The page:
quarry lake filled by Big Rock Creek, evidence of a long-ago
glacier, a high-quality fen, and a verdant valley lined
by high sandy bluffs are found here
|Kane County, Illinois
In early summer, as slivers of light
sneak through the white oaks to the east, a noisy kingfisher
seeking a meal of fish skims above the 32-acre
quarry lake at Big Rock Forest Preserve.
Since its initial
acquisition in 1991 of land in the southwest corner of Big
Rock Township, the Forest
Preserve District of Kane County (FPDKC) has purchased
additional parcels. Today, with roughly 468 acres, Big Rock
is among the district's largest properties.
Big Rock Forest Preserve is on
Jericho Rd in the southwest corner of Big Rock Township.
Follow I-88 west to Sugar Grove and exit at Rte 47.
Follow Rte 47 south 2.5 miles to Jericho Rd. At the
intersection of Rte 47 and Jericho Rd, turn right/west.
Continue on Jericho Rd roughly five miles. Big Rock
Forest Preserve is the first entrance on the right/north
after the bridge over Big Rock Creek.
When Big Rock Creek broke its banks
during heavy rains in 1996, it burst through to the abandoned
limestone quarry beside it, filling the 65-foot-deep pit
and creating habitat for fish, including bluegill, black
crappie, largemouth bass, and sunfish. After building
an access road, parking lot, and pedestrian bridge, the
district opened the site to the public in the spring of
We stroll northeast on an unpaved
road that is sandwiched between Big Rock Creek and the
quarry lake. Below us, a ledge of dolomite bedrock parallels
the water's edge. Where the trail turns north, slabs of
limestone skeletal remains from the property's
previous quarry life are stacked cairn-like next
to the path. Pointed stumps of silver maple and box elder,
now weathered silver-gray, hint that beaver once foraged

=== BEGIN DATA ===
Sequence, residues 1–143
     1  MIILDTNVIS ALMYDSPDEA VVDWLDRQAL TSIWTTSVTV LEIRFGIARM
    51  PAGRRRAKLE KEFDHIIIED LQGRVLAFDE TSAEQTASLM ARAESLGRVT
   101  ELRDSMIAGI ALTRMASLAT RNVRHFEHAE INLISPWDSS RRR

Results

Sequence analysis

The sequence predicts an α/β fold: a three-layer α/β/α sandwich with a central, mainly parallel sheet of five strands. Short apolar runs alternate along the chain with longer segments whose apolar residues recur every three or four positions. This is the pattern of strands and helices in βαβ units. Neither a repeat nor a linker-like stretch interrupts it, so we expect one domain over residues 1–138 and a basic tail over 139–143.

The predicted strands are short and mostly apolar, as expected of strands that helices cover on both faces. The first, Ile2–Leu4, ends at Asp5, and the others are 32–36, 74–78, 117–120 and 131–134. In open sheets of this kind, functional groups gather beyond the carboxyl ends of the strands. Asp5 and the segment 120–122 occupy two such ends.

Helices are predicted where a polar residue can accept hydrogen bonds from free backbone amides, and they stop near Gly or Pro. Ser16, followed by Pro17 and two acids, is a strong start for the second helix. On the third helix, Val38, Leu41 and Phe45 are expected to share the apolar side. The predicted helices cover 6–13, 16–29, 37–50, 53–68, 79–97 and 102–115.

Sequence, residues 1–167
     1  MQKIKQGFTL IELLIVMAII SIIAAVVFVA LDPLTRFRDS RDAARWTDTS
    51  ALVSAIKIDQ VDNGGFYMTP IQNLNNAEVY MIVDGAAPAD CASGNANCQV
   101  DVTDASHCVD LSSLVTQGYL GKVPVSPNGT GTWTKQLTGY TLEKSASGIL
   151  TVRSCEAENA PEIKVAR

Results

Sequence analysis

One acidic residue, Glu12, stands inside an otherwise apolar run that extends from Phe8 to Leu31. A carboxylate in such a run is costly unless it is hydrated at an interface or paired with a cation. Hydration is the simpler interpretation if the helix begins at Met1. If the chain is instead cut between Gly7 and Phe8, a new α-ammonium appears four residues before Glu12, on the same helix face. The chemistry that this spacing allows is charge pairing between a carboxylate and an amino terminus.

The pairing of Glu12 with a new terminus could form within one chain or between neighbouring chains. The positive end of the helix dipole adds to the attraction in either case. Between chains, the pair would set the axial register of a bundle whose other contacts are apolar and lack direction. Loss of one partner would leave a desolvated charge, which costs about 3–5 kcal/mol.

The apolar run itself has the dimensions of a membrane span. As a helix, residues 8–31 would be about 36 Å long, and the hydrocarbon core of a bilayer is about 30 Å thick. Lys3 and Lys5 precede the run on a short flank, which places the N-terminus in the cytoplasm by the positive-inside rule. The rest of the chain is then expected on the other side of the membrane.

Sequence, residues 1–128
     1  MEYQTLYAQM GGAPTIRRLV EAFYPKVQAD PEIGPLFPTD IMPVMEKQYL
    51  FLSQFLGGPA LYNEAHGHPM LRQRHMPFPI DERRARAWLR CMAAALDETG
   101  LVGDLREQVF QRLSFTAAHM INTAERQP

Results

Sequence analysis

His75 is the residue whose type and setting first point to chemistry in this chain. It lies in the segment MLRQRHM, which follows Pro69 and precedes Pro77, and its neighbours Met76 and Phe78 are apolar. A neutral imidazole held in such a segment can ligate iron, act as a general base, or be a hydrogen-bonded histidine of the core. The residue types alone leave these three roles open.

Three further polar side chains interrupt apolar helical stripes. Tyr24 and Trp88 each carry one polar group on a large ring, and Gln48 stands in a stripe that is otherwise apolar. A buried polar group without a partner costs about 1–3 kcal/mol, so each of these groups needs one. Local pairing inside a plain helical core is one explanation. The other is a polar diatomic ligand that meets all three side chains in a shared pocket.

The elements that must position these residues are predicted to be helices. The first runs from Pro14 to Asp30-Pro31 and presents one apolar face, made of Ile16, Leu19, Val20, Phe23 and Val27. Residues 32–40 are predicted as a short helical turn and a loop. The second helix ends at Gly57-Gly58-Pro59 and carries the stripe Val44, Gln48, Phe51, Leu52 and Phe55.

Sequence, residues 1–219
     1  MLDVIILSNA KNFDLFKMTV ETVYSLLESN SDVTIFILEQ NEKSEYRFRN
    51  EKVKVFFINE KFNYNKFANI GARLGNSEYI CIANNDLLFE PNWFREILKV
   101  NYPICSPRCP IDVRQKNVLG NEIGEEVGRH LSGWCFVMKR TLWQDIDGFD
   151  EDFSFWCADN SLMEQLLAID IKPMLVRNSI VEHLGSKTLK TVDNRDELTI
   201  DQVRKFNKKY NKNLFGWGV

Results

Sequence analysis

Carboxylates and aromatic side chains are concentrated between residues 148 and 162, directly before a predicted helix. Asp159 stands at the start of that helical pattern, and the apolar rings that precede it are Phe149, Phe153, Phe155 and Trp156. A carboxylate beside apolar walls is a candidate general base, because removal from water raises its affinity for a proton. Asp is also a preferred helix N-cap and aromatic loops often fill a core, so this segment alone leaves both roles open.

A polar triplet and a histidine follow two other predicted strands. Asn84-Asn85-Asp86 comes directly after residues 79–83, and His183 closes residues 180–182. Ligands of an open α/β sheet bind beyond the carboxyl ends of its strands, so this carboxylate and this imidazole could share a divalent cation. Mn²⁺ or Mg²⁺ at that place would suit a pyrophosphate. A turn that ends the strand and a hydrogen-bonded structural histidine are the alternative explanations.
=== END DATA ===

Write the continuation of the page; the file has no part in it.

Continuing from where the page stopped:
"Big Rock is at the edge of two
major divisions in Illinois that are defined by plant
communities, glaciation, and topography," says Valerie
DePrez, FPDKC nature programs supervisor. "Where
the rock shelf is exposed, you can see scratches where
the glacier left its mark 10,000 years ago. Fossils in
the limestone include creatures from the Ordovician period,
such as trilobites and brachiopods."
Farther on, we turn west. Hearing
our footfalls, a pheasant hen bursts from her hiding place.
Goldfinches bob overhead and add their sweet notes to
the summer symphony. Visitors have seen other birds at
Big Rock, including osprey, brown creeper, Acadian flycatcher,
scarlet tanager, barred owl, tufted titmouse, and wild
We climb the man-made berm that rises
90 feet above the water's edge. "That's downtown
Aurora," says DePrez as she points southeast across
the lake. "And just behind us is the district's Deer
Valley Golf Course."
Although there's no formal trail,
hikers can reach the eastern portion of the preserve by
leaving the lakeside road and heading east toward the
oak grove along the ridge. Beyond that, the oxbows of
Big Rock Creek snake through a verdant valley lined by
high, sandy bluffs. Along the creek, massive sycamores
tower over ironwood. Trees found in the 80-acre oak-hickory
woodland include red, white, bur, and chinquapin oak;
bitternut hickory; American and slippery elm; and purple
"Other habitats at this diverse
site include a high-quality fen and a perched pond [a
pond that rests on a shelf, usually clay, above the water
table]," notes Drew Ullberg, FPDKC director of planning
Several years ago, the district seeded
roughly 20 acres with prairie grasses and forbs. Other
native plants at Big Rock include wingstem, swamp thistle,
cup plant, spotted Joe Pye weed, sedges, cardinal flower,
and Canada wild rye.
Activities at Big Rock include hiking,
catch-and-release fishing, and picnicking. Leashed pets
are welcome. Swimming is not allowed. A pit toilet is
available near the parking lot.
The district has scheduled a nature
walk for families from 10 to 11:30 a.m., Saturday, July
12, at the preserve. (No walk if it's raining.) Register
at (847) 741-8350, ext. 10.
For more information, see the Big
Rock Forest Preserve Web page.
Ann W. Davis